Tony Hall, the pioneering British music executive, columnist, record producer and radio DJ (centre in the above photo, with Martha Reeves) has died at the age of 91.
Hall (full name Anthony Salvin Hall) was born in Avening, Gloucestershire, on 1 April 1928 and was educated at Lancing College. After National Service, he started working at the Feldman Swing Club (later the 100 Club) in Oxford Street, London, where he became a regular host and met many of the leading jazz acts of the day.
“I got friendly with Jack Marshall, who was the compere there, and he was also the assistant editor of Melody Maker under the legendary Pat Brand,” Hall told Record Collector in 2013. “Jack was getting a bit tired and wanted to give it up. He asked me if I’d like to do the gig.
“So my first Sunday out of the Army, dressed in a dreadful demob suit, I appeared at Britain’s top jazz club, hiding behind the microphone and working with all the fabulous guys whose names I only knew from records.”
In 1952, Tony Hall started working for Jeffrey Kruger at the Flamingo Club. After writing music reviews for publications such as Disc and The Sporting Review, he then started working as an A&R man for Decca Records in 1954 after the label’s then promotions man, Bunny Lewis, suggested he apply for the job.
“I went along, not thinking I had a hope in hell of getting it”, Hall revealed in 2013. “There were about 20 people who applied – and by some fluke I got the gig. So that was me getting into the record business as a product manager and promotion guy.”
Hall soon took responsibility for reviving the subsidiary Tempo label, and produced sessions by jazz acts such as Ronnie Scott, Tubby Hayes, Dizzy Reece and Victor Feldman for the label, before the imprint was discontinued in 1961.
As part of his work for Decca, Hall also presented regular sponsored pop music programmes on Radio Luxembourg during the late 1950s and 1960s. Also in the 1960s, he contributed a regular column to the pop music weekly Record Mirror, which Decca owned at the time. He also managed the promotion and distribution of Atlantic Records product in the UK, and promoted Ike and Tina Turner’s ‘River Deep, Mountain High’, a record which had failed in the US but became a major hit in the UK.
“White producers [in the US] wouldn’t play it because Ike & Tina Turner were black artists, so it died a death there”, Hall told Record Collector. “But thanks to Radio London, which was a big help, we got ‘River Deep..’ to No. 1 in England.”
The soul devotee was an early champion of Motown Records, as he told writer and kindred spirit Adam White, the author of Motown: The Sound of Young America. “I was one of the first to wave the T-M flag,” said Hall. “I became converted thanks largely to The Beatles – and my former assistant, Tony King. When ‘the boys’ lived across the street from me, it was the Miracles, Mary Wells and the Marvelettes all night, every night. I repaid part of my debt by introducing them to Marvin Gaye. Strangely enough, they’d never heard him. Ask George or Ringo.” More of that conversation can be found at White’s West Grand Blog.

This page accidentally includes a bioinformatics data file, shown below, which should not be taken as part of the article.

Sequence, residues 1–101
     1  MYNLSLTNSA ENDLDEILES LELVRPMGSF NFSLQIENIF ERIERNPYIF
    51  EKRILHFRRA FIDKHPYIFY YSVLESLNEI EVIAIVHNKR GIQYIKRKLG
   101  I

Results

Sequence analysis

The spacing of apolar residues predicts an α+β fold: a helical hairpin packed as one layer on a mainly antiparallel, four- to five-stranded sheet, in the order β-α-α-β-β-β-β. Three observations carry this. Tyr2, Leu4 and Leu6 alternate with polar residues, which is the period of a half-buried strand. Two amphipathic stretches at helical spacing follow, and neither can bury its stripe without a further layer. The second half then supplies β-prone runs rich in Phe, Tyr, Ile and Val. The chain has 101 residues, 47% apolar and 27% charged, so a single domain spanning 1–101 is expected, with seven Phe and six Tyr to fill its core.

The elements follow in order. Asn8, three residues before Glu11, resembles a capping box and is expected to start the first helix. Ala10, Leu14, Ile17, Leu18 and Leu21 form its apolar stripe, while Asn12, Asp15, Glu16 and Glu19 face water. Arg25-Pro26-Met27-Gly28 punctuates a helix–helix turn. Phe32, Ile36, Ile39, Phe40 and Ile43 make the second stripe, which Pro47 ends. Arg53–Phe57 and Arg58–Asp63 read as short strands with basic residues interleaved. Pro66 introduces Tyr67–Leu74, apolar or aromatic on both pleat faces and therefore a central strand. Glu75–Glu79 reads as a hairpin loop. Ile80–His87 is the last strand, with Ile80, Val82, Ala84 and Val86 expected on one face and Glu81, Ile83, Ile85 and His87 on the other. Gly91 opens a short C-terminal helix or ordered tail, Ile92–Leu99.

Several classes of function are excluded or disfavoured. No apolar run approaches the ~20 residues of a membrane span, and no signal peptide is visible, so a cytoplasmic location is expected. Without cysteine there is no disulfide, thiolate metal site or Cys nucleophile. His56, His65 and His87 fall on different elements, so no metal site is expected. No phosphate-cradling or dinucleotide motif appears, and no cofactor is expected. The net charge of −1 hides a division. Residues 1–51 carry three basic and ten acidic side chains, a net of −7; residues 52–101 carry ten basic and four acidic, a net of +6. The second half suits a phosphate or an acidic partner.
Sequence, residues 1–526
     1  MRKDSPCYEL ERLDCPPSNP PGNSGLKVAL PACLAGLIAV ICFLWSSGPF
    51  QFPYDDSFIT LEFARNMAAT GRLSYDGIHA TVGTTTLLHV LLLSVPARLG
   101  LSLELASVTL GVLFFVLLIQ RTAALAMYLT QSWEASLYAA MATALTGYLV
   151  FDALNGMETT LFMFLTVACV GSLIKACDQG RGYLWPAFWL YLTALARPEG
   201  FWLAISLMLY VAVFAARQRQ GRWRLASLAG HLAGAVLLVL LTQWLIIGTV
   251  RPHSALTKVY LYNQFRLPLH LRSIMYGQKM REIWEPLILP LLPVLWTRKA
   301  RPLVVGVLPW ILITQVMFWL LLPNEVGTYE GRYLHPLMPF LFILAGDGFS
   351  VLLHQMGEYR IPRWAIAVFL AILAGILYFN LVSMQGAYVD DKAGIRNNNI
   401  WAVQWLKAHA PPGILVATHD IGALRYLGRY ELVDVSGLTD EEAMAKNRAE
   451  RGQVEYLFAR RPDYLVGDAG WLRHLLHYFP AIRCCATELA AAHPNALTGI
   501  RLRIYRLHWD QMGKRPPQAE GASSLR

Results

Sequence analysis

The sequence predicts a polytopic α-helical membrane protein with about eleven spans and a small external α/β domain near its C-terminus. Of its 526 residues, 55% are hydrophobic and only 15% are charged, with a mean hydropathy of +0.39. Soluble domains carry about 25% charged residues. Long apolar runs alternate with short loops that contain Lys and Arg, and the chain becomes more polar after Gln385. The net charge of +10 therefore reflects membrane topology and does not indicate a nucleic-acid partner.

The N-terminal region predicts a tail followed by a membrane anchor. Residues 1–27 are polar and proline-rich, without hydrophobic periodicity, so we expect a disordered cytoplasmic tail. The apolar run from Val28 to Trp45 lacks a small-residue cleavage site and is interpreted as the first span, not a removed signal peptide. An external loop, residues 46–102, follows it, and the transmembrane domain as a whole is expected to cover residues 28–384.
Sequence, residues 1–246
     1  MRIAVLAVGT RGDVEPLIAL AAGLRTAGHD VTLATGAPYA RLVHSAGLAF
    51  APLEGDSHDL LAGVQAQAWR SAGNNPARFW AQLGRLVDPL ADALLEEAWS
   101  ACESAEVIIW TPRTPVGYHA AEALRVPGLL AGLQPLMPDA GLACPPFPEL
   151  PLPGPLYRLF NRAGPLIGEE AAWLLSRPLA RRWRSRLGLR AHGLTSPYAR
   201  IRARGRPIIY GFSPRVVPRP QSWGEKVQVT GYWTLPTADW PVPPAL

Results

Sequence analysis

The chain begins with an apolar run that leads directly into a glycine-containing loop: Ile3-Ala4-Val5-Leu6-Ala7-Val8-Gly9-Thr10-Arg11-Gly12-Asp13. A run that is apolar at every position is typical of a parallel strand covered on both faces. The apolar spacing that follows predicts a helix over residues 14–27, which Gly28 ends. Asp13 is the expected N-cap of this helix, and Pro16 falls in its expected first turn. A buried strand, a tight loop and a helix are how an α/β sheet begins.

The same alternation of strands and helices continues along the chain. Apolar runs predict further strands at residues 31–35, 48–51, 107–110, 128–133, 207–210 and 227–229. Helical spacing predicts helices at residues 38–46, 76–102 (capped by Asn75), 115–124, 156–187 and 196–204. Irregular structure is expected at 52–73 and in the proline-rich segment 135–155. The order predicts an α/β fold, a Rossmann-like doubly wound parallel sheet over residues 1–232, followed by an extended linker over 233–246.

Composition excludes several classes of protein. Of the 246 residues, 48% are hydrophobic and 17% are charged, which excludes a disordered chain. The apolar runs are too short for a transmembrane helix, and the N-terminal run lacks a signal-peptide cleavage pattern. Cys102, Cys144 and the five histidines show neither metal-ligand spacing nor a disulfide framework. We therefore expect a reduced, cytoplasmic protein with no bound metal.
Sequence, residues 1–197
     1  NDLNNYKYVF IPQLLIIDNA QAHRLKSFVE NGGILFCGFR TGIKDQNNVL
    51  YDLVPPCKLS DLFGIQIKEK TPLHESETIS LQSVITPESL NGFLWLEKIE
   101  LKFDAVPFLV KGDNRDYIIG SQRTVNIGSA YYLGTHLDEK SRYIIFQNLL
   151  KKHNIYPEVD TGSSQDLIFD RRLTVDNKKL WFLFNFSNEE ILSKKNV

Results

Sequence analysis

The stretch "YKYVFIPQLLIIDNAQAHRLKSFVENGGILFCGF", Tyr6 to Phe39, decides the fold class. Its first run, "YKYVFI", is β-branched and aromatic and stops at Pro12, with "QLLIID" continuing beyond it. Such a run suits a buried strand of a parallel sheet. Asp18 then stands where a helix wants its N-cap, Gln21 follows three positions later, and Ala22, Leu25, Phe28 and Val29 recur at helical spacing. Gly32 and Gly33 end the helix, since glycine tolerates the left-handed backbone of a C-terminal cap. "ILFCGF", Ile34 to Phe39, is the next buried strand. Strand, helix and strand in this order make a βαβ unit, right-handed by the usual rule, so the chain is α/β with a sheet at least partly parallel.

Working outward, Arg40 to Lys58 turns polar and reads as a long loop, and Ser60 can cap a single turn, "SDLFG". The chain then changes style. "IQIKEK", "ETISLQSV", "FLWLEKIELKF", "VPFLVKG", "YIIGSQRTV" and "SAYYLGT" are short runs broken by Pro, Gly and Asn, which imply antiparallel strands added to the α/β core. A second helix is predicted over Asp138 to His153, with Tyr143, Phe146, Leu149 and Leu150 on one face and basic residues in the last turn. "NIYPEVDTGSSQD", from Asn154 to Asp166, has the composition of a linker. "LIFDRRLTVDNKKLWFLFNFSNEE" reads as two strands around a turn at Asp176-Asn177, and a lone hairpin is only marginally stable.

Hall was a mentor for many of the emerging industry figures of the 1960s, including the Rolling Stones’ co-manager Andrew Loog Oldham. He was also very much the man about town on the London scene of the period, often as compere for the artists he championed. He was MC for the Four Tops’ debut UK shows at the Saville Theatre of late 1966 and for their British tour early the following year. Alan Smith, in his review of the latter concert for the NME, wrote: “As compere, Tony Hall was in absolute command. He knows what he’s talking about, and audiences respect him for it.”
Also in 1967, soon after leaving Decca and setting up Tony Hall Enterprises, the entrepreneur’s ear for a hit led him to the bluebeat sound of Desmond Dekker’s ‘007.’ Some smart detective work on the whereabouts of its Pyramid label, and soon he was promoting the Jamaican artist’s debut UK hit, which soared to six-figure sales.
Such was Hall’s standing that, in December 1967, an edition of the Observer newspaper ‘s colour supplement dedicated to the London underground music scene included a feature on him. It documented a day in his busy life, under the title Promotion and Two Per Cent.
Tony Hall Enterprises, the UK’s first independent promotion company, was responsible for promoting acts including Jimi Hendrix, Joe Cocker, and Black Sabbath. “They were a blues band called Earth who went to Germany and came back with the name Black Sabbath”, Hall later recalled. “I signed them through a guy called Jim Simpson. Tony Iommi was a great blues guitarist and Ozzy [Osbourne], used to sing the blues, without any medallions, crucifixes or anything. We got them a showcase down in London’s Ronnie Scott’s and Olav Wyper at Vertigo signed them.”
Hall also played a part in the career development of the young Elton John. DJM Records plugger Steve Brown, who produced Elton’s 1969 debut album Empty Sky, then went to see Hall to talk about potential collaborators. It was the experienced executive that suggested they contact both Gus Gudgeon and Paul Buckmaster, as they did to huge and lasting effect.
In his later career, Hall moved into management, guiding the careers of The Real Thing, Loose Ends and Lynden David Hall in the 1980s and 1990s. Even into his last months, as a nonogenarian, Tony’s unquenchable appetite for music had him writing album reviews for Jazzwise magazine.
“I wanted to push things I thought personally were really good musicianly records”, he told Record Collector, looking back on his career. “All of my life I wanted to help artists who were different and it was my jazz background that gave me the highest standards for listening to pop music.” Additional reporting by Paul Sexton.